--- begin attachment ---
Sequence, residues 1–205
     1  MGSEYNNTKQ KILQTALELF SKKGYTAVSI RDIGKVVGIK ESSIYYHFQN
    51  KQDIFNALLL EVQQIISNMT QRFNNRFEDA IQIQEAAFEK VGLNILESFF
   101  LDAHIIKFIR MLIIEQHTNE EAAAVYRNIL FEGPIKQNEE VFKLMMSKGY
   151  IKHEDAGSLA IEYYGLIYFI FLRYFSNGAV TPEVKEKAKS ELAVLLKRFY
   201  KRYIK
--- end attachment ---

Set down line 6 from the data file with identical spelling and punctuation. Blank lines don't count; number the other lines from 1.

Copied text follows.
   201  KRYIK